If the timeout has not yet expired or if the timeout feature is not enabled, then the application performs a recovery check. If the time since the flow last violated the bandwidth is longer than the configurable recovery period, the flow has recovered and is removed from the flow table. If the time since last violation is less than the recovery period, the flow is kept in the flow table.
By default, flow detection automatically generates system logs for a variety of events that occur during flow detection. The logs are referred to as reports in the flow detection CLI. All protocol groups and packet types are covered by default, but you can disable automatic logging for individual packet types. You can also configure the rate at which reports are sent, but this applies globally to all packet types.
Each report belongs to one of the following two types:
Flow reports—These reports are generated by events associated with the identification and tracking of culprit flows. Each report includes identifying information for the flow that experienced the event. This information is used to accurately maintain the flow table; flows are deleted or retained in the table based on the information in the report. Table 1 describes the event that triggers each flow report.
Table 1: Triggering Event for Flow Detection Reports
A suspicious flow is detected.
The timeout period expires for a culprit flow. Flow detection stops suppressing (or monitoring) the flow.
A culprit flow returns to within the bandwidth limit.
A culprit flow is cleared manually with a clear command or automatically as the result of suspicious flow monitoring shifting to a different aggregation level.
Control flows are aggregated to a coarser level. This event happens when the flow table nears capacity or when the flow cannot be found at a particular flow level and the next coarser level has to be searched.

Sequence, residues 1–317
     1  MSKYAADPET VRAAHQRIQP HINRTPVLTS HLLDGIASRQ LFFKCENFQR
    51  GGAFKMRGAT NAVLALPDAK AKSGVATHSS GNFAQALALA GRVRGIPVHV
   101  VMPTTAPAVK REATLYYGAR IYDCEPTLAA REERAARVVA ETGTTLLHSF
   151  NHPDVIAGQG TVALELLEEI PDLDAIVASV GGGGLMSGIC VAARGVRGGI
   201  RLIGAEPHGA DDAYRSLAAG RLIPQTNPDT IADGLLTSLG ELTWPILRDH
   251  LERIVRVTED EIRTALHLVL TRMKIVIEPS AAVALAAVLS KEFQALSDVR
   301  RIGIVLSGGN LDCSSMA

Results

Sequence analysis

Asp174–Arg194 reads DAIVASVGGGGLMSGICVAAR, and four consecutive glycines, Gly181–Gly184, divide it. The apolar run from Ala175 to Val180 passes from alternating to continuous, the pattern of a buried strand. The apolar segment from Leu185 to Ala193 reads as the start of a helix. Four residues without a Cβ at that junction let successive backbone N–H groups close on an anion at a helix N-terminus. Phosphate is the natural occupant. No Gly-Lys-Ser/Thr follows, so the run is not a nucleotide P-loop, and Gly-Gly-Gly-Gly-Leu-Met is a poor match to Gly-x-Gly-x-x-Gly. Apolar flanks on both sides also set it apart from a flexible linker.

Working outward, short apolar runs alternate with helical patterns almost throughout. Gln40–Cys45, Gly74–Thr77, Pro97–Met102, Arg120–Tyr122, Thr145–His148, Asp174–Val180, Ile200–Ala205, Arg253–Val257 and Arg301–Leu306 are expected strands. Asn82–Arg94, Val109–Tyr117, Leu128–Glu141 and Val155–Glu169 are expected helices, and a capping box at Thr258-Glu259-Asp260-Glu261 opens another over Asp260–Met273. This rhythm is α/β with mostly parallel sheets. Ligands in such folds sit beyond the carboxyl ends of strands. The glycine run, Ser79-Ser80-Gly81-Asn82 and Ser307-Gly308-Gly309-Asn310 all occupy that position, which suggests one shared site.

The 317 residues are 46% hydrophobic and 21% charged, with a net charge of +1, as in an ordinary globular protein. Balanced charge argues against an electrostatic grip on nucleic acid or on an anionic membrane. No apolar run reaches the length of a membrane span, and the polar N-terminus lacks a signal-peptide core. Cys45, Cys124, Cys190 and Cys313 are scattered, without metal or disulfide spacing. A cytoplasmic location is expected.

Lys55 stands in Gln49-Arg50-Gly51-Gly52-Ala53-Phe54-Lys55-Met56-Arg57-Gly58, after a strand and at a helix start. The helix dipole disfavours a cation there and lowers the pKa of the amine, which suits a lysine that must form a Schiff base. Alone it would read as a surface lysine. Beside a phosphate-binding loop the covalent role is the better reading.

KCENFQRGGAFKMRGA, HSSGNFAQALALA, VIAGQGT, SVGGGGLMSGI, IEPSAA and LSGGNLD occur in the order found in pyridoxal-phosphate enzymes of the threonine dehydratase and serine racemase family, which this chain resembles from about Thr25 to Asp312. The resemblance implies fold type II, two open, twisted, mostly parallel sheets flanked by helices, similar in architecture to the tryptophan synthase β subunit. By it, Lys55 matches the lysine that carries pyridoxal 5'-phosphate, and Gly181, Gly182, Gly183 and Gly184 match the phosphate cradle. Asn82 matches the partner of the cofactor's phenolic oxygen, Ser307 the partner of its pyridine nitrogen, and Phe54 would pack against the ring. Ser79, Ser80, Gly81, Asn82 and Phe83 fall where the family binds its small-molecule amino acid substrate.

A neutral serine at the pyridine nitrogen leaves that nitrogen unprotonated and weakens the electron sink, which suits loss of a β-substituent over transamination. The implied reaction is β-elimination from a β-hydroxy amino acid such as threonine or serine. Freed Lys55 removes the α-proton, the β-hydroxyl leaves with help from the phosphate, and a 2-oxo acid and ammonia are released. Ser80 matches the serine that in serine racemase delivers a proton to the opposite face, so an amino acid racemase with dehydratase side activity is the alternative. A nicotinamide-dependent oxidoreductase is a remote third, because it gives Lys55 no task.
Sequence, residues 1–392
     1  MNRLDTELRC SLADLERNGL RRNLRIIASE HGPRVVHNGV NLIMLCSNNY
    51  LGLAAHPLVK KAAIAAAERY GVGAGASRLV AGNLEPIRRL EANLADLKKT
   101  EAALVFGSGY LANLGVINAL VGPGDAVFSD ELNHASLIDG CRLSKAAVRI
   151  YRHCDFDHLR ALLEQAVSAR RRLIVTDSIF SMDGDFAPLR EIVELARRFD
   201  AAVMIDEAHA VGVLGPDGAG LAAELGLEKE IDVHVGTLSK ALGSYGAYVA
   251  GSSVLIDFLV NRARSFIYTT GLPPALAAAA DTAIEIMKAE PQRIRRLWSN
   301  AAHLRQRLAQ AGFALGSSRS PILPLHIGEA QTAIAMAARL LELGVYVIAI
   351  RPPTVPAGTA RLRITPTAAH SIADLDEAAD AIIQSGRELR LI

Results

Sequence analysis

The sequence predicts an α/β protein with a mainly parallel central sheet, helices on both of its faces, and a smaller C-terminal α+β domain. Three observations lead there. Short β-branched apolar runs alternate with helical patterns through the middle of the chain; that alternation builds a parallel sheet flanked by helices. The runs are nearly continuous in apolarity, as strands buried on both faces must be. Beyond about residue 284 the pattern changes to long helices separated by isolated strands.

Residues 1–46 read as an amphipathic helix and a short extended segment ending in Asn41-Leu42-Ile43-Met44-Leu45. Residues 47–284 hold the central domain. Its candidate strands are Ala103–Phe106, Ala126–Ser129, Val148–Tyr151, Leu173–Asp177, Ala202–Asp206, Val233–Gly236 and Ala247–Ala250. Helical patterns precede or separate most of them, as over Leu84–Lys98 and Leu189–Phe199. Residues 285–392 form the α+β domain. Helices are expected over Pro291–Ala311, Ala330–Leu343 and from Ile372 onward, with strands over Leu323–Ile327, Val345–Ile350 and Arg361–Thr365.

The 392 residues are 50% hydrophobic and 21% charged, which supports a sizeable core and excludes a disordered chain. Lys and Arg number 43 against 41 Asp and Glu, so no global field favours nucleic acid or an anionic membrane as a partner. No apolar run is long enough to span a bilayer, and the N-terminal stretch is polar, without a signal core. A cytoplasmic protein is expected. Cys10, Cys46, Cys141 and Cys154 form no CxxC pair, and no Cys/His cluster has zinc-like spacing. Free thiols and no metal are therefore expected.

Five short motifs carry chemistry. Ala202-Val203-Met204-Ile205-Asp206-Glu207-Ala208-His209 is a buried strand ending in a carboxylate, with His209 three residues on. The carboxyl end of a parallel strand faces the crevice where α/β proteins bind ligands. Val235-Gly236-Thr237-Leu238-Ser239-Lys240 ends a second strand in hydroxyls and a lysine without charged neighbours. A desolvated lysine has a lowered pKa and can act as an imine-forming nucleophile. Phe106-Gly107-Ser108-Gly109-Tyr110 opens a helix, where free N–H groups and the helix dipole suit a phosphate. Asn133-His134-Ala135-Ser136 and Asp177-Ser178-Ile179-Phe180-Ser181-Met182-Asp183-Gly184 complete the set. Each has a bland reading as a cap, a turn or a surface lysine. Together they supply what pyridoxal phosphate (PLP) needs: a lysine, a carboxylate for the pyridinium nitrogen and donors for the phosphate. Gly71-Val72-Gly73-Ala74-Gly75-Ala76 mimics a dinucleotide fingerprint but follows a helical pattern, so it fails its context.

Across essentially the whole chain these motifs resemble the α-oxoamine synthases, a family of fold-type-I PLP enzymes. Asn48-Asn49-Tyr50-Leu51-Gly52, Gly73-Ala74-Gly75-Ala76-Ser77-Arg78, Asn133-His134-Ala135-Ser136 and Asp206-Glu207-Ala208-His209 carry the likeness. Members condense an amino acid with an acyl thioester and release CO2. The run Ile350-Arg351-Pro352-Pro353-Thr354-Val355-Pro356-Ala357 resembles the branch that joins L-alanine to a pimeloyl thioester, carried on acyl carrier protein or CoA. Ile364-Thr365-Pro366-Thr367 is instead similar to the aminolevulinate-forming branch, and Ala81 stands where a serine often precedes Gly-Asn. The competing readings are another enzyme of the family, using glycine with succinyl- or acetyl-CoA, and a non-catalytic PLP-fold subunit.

Control flows are deaggregated to a finer level. This event happens when the flow table is not very full or when flow control is effective and the total arrival rate for the flow at the policer for the packet type is below its bandwidth for a fixed, internal period.
Bandwidth violation reports—These reports are generated by events associated with the discovery of suspicious flows. Each report includes identifying information for the flow that experienced the event. This information is used to track the suspicious flow and identify flows that are placed in the flow table. Table 2 describes the event that triggers each violation report.
Table 2: Triggering Event for Bandwidth Violation Reports
The incoming traffic for a control protocol exceeded the configured bandwidth.
The incoming traffic for a violated control protocol returned to normal.
A report is sent only when triggered by an event; that is, there are no null or empty reports. Because the reports are made periodically, the only events of interest are ones that occur during the interval since the last report.